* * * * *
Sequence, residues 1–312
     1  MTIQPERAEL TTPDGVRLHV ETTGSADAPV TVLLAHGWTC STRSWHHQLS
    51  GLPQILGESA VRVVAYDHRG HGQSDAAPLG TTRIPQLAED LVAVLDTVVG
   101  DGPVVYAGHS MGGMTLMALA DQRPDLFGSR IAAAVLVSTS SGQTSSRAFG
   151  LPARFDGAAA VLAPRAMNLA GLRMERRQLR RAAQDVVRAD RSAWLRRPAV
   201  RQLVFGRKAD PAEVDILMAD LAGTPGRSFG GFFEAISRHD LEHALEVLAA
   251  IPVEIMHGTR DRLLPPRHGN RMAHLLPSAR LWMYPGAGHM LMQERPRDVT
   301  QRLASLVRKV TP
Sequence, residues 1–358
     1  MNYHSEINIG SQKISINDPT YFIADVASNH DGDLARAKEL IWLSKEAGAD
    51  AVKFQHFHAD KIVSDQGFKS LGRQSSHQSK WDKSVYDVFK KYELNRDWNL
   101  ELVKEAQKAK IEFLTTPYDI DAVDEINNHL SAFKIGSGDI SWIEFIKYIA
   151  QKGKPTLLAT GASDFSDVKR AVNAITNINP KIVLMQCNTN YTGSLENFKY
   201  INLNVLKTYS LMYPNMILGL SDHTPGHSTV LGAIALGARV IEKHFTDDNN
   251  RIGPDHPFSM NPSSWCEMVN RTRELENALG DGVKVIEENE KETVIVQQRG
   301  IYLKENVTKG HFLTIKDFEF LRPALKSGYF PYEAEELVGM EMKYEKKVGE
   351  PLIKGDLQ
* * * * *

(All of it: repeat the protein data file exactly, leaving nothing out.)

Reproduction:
Sequence, residues 1–312
     1  MTIQPERAEL TTPDGVRLHV ETTGSADAPV TVLLAHGWTC STRSWHHQLS
    51  GLPQILGESA VRVVAYDHRG HGQSDAAPLG TTRIPQLAED LVAVLDTVVG
   101  DGPVVYAGHS MGGMTLMALA DQRPDLFGSR IAAAVLVSTS SGQTSSRAFG
   151  LPARFDGAAA VLAPRAMNLA GLRMERRQLR RAAQDVVRAD RSAWLRRPAV
   201  RQLVFGRKAD PAEVDILMAD LAGTPGRSFG GFFEAISRHD LEHALEVLAA
   251  IPVEIMHGTR DRLLPPRHGN RMAHLLPSAR LWMYPGAGHM LMQERPRDVT
   301  QRLASLVRKV TP
Sequence, residues 1–358
     1  MNYHSEINIG SQKISINDPT YFIADVASNH DGDLARAKEL IWLSKEAGAD
    51  AVKFQHFHAD KIVSDQGFKS LGRQSSHQSK WDKSVYDVFK KYELNRDWNL
   101  ELVKEAQKAK IEFLTTPYDI DAVDEINNHL SAFKIGSGDI SWIEFIKYIA
   151  QKGKPTLLAT GASDFSDVKR AVNAITNINP KIVLMQCNTN YTGSLENFKY
   201  INLNVLKTYS LMYPNMILGL SDHTPGHSTV LGAIALGARV IEKHFTDDNN
   251  RIGPDHPFSM NPSSWCEMVN RTRELENALG DGVKVIEENE KETVIVQQRG
   301  IYLKENVTKG HFLTIKDFEF LRPALKSGYF PYEAEELVGM EMKYEKKVGE
   351  PLIKGDLQ